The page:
Happy birthday, world

Three times in the major service of Rosh Hashanah, Mussaf, each time the shofar is blown, we say, “Today is the birthday of the world.”

If we look back on our childhoods, birthdays were special because we were the center of attention. Usually there was cake, candles and, best of all, presents. Those of us who are older are perhaps less enthusiastic about birthdays. Either we feel we’ve outgrown them, or we are old enough not to want to think about them too much. Yet there still is a sense of some sort of achievement and even excitement on reaching “special birthdays” as we enter our “round number” years, especially in the seventies, eighties, and with some luck and good genes, nineties.

And, wow, if we become centenarians! In such cases, the spirit of birthdays past rises again, and singing “Happy Birthday” brings back that old sense of specialness we felt as kids.

Our world is no youngster. Unfortunately, we, her children, aren’t making life easier for her. Some of us have taken a carpe diem approach to her: Take what we can get from Mother Earth now, and to hell with the future. But some of us have children and grandchildren, and we want them to have good, happy, and healthy lives. Is that what they will have if we do not conserve resources on their behalf? What kind of air will they breathe and what kind of water will they drink if we don’t celebrate the birth of the world properly?

This year we have watched the devastation that changing and changed weather patterns have wreaked. I have been to the Barrier Reef, where I saw with my own eyes how natural beauty is crumbling due to warmed seas killing the coral. The Arctic ice is melting with collateral damage to the fauna that live there. Will my great-grandchildren ever see a polar bear? Worse, will they be able to live on a waterlogged, smog-covered Earth that no longer supports their lives?

Judaism cannot be about just the prayer and ritual that occupies so much of our time this season. Acknowledging God as Creator and ourselves as God’s stewards is as much a part of being religious and observant as blowing the shofar is.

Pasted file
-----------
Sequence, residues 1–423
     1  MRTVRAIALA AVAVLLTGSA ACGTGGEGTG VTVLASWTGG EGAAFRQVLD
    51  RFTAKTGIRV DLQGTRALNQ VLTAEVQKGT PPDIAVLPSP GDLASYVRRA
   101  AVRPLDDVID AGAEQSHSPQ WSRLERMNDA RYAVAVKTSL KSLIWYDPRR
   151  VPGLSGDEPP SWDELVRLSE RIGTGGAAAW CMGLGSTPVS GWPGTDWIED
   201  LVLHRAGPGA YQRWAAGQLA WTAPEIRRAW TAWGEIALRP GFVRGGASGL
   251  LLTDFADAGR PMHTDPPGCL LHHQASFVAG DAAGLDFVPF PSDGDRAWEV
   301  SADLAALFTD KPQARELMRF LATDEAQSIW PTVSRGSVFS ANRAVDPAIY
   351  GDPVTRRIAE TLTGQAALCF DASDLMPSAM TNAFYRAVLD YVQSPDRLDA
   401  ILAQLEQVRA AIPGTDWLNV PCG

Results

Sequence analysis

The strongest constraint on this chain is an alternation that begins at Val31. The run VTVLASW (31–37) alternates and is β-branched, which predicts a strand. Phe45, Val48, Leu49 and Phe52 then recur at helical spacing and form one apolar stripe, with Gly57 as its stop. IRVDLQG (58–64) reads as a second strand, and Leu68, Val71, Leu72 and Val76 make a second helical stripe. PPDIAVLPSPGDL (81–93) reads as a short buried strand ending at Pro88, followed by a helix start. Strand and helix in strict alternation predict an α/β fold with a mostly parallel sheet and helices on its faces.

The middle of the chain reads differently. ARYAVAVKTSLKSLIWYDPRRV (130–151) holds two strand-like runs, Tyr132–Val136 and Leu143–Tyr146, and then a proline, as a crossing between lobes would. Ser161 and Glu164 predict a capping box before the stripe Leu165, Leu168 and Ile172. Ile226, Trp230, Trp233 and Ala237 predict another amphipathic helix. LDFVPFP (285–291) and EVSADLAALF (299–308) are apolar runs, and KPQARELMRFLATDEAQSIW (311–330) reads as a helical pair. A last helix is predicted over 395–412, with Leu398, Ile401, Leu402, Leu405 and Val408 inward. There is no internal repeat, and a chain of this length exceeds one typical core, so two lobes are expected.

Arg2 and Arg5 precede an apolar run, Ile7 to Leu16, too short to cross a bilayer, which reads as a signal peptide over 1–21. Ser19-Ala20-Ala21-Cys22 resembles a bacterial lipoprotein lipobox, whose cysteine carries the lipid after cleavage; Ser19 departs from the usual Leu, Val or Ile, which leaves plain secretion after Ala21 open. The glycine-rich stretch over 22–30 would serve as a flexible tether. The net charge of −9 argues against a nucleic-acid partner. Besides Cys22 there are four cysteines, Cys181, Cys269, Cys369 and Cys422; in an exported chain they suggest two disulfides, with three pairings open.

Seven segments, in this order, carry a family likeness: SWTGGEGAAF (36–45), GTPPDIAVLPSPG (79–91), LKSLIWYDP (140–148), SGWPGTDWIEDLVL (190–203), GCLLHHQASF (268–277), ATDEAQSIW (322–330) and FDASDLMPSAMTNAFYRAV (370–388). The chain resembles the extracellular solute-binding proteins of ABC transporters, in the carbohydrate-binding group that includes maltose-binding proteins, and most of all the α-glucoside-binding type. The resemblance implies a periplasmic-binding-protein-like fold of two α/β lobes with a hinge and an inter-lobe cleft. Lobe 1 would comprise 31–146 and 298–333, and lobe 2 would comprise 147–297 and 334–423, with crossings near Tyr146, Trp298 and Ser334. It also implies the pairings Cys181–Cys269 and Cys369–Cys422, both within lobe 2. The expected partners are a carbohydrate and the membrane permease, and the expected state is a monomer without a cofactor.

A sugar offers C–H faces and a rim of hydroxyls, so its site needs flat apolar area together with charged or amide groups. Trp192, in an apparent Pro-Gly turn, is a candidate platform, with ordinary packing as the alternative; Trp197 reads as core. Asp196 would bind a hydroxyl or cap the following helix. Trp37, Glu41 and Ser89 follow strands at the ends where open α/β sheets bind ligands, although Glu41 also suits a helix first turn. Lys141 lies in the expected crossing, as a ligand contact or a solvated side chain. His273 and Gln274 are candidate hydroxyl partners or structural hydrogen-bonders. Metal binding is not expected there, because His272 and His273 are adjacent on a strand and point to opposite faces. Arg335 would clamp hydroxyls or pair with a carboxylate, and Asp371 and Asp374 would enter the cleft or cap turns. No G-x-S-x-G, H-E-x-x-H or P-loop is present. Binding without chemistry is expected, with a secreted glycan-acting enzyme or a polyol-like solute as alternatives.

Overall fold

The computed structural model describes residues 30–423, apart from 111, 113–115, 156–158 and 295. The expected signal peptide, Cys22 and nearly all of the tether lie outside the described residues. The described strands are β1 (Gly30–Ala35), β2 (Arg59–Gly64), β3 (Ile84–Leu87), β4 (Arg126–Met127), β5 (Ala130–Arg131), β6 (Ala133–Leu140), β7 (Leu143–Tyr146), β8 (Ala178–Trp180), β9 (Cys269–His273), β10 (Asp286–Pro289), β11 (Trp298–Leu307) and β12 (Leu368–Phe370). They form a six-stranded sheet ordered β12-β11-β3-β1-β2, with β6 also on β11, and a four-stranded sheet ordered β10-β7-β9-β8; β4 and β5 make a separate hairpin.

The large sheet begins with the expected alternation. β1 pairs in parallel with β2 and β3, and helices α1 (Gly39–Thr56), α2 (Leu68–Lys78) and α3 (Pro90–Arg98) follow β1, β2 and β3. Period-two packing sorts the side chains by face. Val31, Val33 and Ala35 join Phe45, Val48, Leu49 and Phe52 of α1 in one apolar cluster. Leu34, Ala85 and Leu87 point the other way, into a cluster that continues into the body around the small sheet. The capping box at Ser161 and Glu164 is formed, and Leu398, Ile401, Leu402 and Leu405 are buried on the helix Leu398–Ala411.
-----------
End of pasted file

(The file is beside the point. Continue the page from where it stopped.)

If any holy day of this season speaks to our responsibility to the home we have been given, it is Sukkot, which, if properly observed, thrusts us into the heart of nature for a week. Those who choose the lulav (palm branch), etrog (citron), myrtle, and willows for the observance of the holy day spend considerable time and effort closely examining the details of these plants’ form. This should encourage us to look as carefully at the state of nature in general, and if we see something that is presently pasul (invalid for use), we should put in the effort to make it not merely kasher (fit), but mehudar (special and beautiful).

So, this Rosh Hashanah, this holiday season, let us say “Happy Birthday, World,” and commit to making the world a happy place to be in. Let us commit to observing the commandment of bal tashchit — the prohibition on waste of useful resources — by recycling, supporting efforts toward sustainability, clean air, and potable water. Doing this is as much of a mitzvah as putting on tefillin, keeping a kosher home, or attending synagogue on a regular basis.

If we do our part well enough, the donations we make to federations or other Jewish and non-Jewish organizations when so-called natural disasters take place will be replaced by the natural gifts a properly preserved Mother Earth will deliver.

In this way we will not only recreate a whole and healthy Earth, we will bring forth an all-encompassing Judaism that embraces the particular observances of our people as well as compassion for all of God’s creations. For just as we are commanded to observe the rituals of our faith, so too we are commanded to imitate God: “Just as God is merciful and gracious, so too should you be merciful and gracious” (Yalkut Shimoni). And the world needs our compassion as never before, so we can keep wishing her happy birthday.

About the Author
Rabbi Michael Chernick holds a doctorate in rabbinic literature and semikhah from Yeshiva University. He served as professor of rabbinic literature at Hebrew Union College-Jewish Institute of Religion for forty years.He is an oleh hadash with continuing close ties to the United States. Rabbi Chernck regards himself as "a Jew for all Jews."
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